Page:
The Essence of the Age of Enlightenment in Emma Donoghue’s Slammerkin

shikha thakur


This paper aims at analysing Emma Donoghue’s Slammerkin, written in 2000. This novel, set in mid-eighteenth century England, projects a girl who in no time is pushed into the category of a ‘fallen woman’ for violating the prescribed patriarchal norms and roles for women. Here the girl, Mary, is represented as a universal subject who lives in wretched condition. The scope of reclamation is dealt to facilitate lost selfhood in general and of women victims in particular. Its objective is to asseverate the wholeness of one’s identity.  Reclamation is synonymous to the redefinition of womanhood and selfhood. The victory of assertion can be felicitously traced when Mary redefines the term prostitute by combating the patriarchal society of the Enlightenment that makes her a peripheral character.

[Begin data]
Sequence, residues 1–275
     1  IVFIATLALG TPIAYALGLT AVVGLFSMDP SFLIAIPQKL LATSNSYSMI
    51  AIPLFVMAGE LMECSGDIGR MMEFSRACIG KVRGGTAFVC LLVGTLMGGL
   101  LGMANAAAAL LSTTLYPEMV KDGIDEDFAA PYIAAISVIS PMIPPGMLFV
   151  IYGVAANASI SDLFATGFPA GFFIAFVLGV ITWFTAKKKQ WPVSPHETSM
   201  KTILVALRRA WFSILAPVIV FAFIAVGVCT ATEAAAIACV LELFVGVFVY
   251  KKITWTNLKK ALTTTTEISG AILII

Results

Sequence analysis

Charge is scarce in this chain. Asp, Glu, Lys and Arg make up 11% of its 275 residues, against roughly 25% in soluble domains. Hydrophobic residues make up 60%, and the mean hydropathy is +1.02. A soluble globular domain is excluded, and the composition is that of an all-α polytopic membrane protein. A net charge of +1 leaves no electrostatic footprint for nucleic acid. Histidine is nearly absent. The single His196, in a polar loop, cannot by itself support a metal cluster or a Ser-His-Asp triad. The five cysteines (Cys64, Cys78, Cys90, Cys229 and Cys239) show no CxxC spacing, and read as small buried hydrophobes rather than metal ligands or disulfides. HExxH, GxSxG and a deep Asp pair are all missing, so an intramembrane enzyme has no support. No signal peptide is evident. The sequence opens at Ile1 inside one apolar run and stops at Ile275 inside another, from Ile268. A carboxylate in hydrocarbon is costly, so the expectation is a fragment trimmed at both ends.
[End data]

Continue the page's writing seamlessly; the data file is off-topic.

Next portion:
fallen woman; patriarchy; reclamation; selfhood

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Albert, Edward. History of English Literature. 5thed. New Delhi: Oxford UP, 2013. Print.

Burke, Edmund. A Vindication of Natural Society: or, a View of the Miseries and Evils Arising to Mankind from Every Species of Artificial Society. Ed. Frank N. Pagano. New York: Liberty Fund, 1756. Online Library of Liberty. Web. 26 October 2015.

Donoghue, Emma. Slammerkin. 2000. London: Virago P, 2011. Print.

Schott, Robin, ed. Feminist Interpretations of Immanuel Kant. University Park: Pennsylvania State UP, 1993. Penn State University Press. Web. 21 November 2015

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